Consultants clamber on board canal gravy train
More details have emerged on the US$40 billion Nicaraguan canal adventure and the party noise from the consultants’ quarter can be heard from space.
It seems that “ordinary Chinese” billionaire Wang Jing, as he modestly describes himself, plans to spend US$900 million on feasibility studies for his canal project that will involve 3,000 consultant engineers and analysts once their hangovers wear off.
That’s $300,000 to each consultant if the money were split evenly, but of course that’s not quite how it works. Some consulting companies are set to rake in huge amounts on this little boondoggle before the first digger’s blade even hits the turf.
Wang said he would be spending the money (or the global investors he claims to have attracted will be spending it) to work out all the possibilities and scenarios involving anything and everything potentially canal related in every respect, including, but not limited to, the design, construction and operations of the canal. Terms and conditions apply.
In fact, so confident is this ordinary Chinese billionaire that he has already dismissed any chance of the project being called off, regardless of the obstacles he actually expects his consultants to come across.
Interesting approach, you have to admit, especially with a project as ambitious as this. Maybe he knows something we don't.
Putting aside the cost of the canal for a moment, difficult as that may be, the actual construction itself will be a daunting task. For a start, the canal will be 286km long, a lot further than the Panama.
The geographical features of Nicaragua will certainly present their share of obstacles, too, both physical and technological. It seems the canal will cut through river valleys in the eastern part of the country and pass through Lake Nicaragua, the largest fresh water lake in Central America.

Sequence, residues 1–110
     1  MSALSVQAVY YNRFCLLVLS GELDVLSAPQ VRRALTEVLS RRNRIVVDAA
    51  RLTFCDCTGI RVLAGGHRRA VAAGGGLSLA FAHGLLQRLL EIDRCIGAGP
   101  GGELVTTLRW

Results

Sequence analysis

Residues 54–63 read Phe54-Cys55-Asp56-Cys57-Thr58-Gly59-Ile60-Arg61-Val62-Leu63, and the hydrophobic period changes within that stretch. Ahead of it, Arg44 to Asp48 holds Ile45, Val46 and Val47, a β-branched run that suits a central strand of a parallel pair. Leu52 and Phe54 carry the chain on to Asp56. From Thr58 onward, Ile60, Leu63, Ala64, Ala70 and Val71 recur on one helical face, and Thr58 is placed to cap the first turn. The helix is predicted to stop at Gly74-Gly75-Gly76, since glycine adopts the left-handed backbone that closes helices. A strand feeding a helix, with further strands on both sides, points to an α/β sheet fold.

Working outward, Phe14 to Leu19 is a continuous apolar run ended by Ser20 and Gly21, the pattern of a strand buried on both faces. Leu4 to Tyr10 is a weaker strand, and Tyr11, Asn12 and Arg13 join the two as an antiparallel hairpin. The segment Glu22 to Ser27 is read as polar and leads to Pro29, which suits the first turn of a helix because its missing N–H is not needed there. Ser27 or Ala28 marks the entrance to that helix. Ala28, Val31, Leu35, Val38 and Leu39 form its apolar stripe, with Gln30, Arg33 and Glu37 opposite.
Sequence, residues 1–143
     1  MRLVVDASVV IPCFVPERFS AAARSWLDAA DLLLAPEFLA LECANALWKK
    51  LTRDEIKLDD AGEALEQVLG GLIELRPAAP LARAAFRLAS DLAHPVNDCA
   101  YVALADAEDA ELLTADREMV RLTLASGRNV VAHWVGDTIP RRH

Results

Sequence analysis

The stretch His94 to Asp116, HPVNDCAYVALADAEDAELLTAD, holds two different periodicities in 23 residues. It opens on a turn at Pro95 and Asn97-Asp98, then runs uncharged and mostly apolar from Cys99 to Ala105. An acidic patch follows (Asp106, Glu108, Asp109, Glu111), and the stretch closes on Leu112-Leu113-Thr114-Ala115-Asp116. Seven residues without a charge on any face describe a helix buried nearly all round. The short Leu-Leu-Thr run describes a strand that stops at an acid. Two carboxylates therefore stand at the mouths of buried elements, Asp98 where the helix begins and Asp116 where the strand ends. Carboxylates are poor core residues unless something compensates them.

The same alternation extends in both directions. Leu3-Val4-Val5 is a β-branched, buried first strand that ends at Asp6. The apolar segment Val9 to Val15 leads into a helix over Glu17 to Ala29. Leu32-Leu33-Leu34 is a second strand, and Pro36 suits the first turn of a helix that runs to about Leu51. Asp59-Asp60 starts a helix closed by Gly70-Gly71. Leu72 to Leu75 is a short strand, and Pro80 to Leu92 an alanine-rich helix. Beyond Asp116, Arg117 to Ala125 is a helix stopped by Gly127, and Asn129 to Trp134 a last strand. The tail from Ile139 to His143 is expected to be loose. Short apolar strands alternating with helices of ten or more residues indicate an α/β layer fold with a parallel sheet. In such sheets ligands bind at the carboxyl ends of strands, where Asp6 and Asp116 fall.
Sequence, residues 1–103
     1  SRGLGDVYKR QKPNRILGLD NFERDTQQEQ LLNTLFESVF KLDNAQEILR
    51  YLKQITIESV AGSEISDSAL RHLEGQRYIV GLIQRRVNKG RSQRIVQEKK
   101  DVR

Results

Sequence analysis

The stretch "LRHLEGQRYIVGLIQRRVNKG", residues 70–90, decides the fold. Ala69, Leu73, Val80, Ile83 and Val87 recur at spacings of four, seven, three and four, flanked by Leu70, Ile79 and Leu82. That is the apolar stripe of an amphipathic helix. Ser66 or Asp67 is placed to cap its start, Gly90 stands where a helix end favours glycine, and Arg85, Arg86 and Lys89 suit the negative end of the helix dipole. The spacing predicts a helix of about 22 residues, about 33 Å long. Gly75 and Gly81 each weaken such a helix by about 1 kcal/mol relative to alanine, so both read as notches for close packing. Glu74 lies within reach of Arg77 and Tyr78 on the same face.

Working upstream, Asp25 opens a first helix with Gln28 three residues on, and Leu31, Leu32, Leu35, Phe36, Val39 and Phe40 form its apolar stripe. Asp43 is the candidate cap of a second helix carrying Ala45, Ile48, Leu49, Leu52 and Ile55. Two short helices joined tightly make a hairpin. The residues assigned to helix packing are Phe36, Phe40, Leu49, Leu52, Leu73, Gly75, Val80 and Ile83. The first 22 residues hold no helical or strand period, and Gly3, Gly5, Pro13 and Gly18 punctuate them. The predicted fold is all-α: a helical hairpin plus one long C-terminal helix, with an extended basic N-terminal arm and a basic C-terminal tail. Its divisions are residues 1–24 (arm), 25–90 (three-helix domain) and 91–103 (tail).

Wang told the local Hong Kong media that construction would begin at the end of next year and finish by 2020, and to “control costs”, Wang’s company HKND will build cement and steel factories, presumably also in Nicaragua.
US$40 billion is more than Nicaragua’s GDP and yet the second poorest country in the Americas will have no stake in the project. It will outsource everything to a Chinese businessman with no experience of infrastructure building or even of construction.
Unsurprisingly, not everyone is jumping for joy. According to Bloomberg, the project is running into political obstacles as well as drawing criticism from a former presidential candidate who is calling for a referendum on it.
There is plenty that stands in the way of Nicaragua ever getting its own canal, not least of which is that it was a ridiculous idea when first proposed in the 1800s and it is a ridiculous idea now that will never see the light of day.
It remains to be seen what the real motives are of this ordinary Chinese billionaire. Who knows, maybe Wang's only aim is to join hands to the great trumpet sound of human self-improvement.
“Let us join hands to the great trumpet sound of human self-improvement,” he said in a June 14 ceremony in Managua alongside Nicaraguan president Daniel Ortega.
And there you have it.